In defence of learning hours

By Marc Zao-Sanders

4 minute read

For over a decade now, I’ve heard complaints that learning hours are a poor metric for measuring success in Learning and Development (L&D).

At the first corporate learning event I ever attended, during one of the break-out sessions, someone said, ‘I can’t believe we’re still measuring learning hours’ and every person at the table nodded in unison. I felt left out and puzzled at the incontrovertible truth I had apparently just heard. Since then, I’ve heard it many, many times, from vendors and buyers alike. The issue was debated hotly on this recent LinkedIn post.

Yet organisations continue to measure learning / training hours, often stating them and celebrating them publicly:

Furthermore, analysts routinely use time spent in their evaluations of corporate learning, like this, from Training Magazine:

Learning hoursIt seems that half the industry claims they're useless and half think they’re indispensable.

Who’s right? I think learning hours are a useful metric. Here’s why.

The Main Objection

The primary objection to measuring learning hours is that it’s not directly related to business value or impact. Critics argue that it’s more about justifying budgets than achieving measurable outcomes and performance improvements.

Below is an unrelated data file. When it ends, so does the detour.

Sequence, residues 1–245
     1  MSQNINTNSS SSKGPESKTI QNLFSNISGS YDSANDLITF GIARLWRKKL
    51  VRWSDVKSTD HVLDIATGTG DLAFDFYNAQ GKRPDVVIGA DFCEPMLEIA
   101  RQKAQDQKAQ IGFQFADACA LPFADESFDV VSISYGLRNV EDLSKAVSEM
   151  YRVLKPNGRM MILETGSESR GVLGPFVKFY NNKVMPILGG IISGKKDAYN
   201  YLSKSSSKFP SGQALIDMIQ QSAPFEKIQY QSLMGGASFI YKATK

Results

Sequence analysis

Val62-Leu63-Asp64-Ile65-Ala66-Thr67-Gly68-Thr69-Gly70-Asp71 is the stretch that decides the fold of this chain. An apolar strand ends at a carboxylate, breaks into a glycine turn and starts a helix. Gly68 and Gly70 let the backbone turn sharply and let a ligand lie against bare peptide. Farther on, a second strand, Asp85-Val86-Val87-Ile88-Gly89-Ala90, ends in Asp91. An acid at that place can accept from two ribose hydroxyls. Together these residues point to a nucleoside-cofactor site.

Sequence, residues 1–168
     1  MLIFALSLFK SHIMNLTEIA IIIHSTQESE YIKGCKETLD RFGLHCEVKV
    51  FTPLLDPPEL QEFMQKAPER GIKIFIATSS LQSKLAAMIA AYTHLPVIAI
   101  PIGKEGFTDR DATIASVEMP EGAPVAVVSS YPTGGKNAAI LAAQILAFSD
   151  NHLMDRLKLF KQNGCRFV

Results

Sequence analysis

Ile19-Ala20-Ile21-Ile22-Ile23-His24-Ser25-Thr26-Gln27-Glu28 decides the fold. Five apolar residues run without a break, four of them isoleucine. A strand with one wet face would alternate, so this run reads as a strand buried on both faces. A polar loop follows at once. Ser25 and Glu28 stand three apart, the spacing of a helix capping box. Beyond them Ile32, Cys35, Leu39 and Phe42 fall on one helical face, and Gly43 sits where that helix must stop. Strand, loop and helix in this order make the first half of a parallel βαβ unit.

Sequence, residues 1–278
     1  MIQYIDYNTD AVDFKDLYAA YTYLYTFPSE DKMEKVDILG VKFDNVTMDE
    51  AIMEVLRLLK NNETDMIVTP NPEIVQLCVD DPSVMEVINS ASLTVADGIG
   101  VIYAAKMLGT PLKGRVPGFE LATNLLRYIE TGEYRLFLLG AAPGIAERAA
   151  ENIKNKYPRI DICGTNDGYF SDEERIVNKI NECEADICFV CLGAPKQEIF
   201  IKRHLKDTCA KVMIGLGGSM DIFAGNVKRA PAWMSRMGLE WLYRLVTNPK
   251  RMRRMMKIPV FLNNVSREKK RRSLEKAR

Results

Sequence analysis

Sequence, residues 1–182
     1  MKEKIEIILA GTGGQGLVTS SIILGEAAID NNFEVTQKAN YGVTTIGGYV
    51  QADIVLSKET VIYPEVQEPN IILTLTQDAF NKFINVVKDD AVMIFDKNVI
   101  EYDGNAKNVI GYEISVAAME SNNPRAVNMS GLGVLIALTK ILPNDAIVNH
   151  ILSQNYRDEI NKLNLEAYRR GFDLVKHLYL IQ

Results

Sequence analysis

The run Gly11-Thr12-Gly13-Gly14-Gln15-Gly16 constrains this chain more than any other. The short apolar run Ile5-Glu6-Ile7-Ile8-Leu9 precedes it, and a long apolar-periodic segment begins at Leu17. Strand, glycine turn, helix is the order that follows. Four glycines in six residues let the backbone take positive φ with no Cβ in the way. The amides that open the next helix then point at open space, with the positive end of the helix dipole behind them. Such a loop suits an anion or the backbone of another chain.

While it’s great to measure downstream impacts if you can, the connection to direct business value often loosens as you go further downstream into ongoing employee performance. There’s no doubt that we’d like to measure harder-hitting business outcomes from learning if we can.

Sometimes we can. Targeted, thoughtful learning initiatives can bring about immediate, tangible, measurable change: reduced call lengths in call centres, faster deal resolution in sales teams, improved customer satisfaction scores, higher employee retention rates, decreased instances of non-compliance. When there’s a metric that the business really cares about to which we can attribute some learning as a true cause, happy days.

But it’s not always possible. When a manager listens better, a new joiner feels less anxious, or an C-suite leader is more mindful, something good has come about. But that good won’t necessarily be recorded on any learning, HR or business system.

The benefits of learning are often difficult to measure because they manifest over the long-term in many, disparate ways.

Recognising, accepting and working with this insight is a happy place to get to if you plan to work in L&D for a long time with minimal exasperation.

Efficiency Versus Absolute Hours

A second common objection to learning hours is that we should measure learning efficiency (least time to competency), rather than absolute hours.

This must be true. To get to this we also need to have some way of measuring competency such as a test or some criteria against which to track observed behaviour. But we’ll still need to understand how long it’s taking to achieve that competency, for which learning hours is a useful clue.

Six additional reasons to measure and value learning hours

While the two main objections can be countered, there are many positive, compelling reasons to measure learning hours.